Words thrown around in this piece on the supposedly rapid development of Lower Manhattan: "regenerated," "microcosm of urban stability," "skyrocketed," "modern," "dynamic," and "environmentally progressive." That's a lot of praise to lavish on a nabe with a residential population under 50,000 and a noticeable lack of retail and service amenities.
Still, post 9/11 growth has witnessed a 101% population influx, the Fulton Street transit hub should unsnarl a few of the locomotive issues isolating Battery Park, and Conde Nast is jumping ship at 4 Times Square to take up with SOM's burgeoning 1 World Trade. About that landmark move, former Downtown Alliance head Carl Weisbrod actually credits the finance-institution-we-love-to-hate: “Goldman sent a message that downtown was still for a place for a company headquarters. Whether there would be a Conde Nast without Goldman Sachs is an open question.”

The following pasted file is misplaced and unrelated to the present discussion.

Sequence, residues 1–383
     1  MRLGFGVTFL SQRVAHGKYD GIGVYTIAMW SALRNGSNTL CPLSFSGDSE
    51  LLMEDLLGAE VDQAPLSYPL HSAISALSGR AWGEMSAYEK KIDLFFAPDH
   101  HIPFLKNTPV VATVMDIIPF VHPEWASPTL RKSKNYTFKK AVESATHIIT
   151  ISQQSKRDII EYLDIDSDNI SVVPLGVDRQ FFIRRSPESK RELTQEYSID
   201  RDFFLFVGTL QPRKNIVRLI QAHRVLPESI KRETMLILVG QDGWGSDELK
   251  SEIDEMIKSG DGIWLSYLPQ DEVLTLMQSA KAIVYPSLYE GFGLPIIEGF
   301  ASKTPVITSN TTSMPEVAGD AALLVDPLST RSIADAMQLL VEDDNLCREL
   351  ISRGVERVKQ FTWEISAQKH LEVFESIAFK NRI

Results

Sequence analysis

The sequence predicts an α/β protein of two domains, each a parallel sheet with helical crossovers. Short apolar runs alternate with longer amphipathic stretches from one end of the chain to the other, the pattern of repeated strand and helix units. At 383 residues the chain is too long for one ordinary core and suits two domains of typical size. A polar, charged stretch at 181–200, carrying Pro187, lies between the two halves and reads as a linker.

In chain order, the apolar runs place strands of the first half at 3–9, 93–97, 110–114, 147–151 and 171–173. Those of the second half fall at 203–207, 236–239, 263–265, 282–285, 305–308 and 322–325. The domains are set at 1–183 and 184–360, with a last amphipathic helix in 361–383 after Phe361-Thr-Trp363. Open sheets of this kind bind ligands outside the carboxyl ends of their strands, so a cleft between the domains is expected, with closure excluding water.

· Lower Manhattan is surprising urban model [Crain's]
· Condé Nast Already Proving to Be High-Maintenance at 1 WTC [Curbed]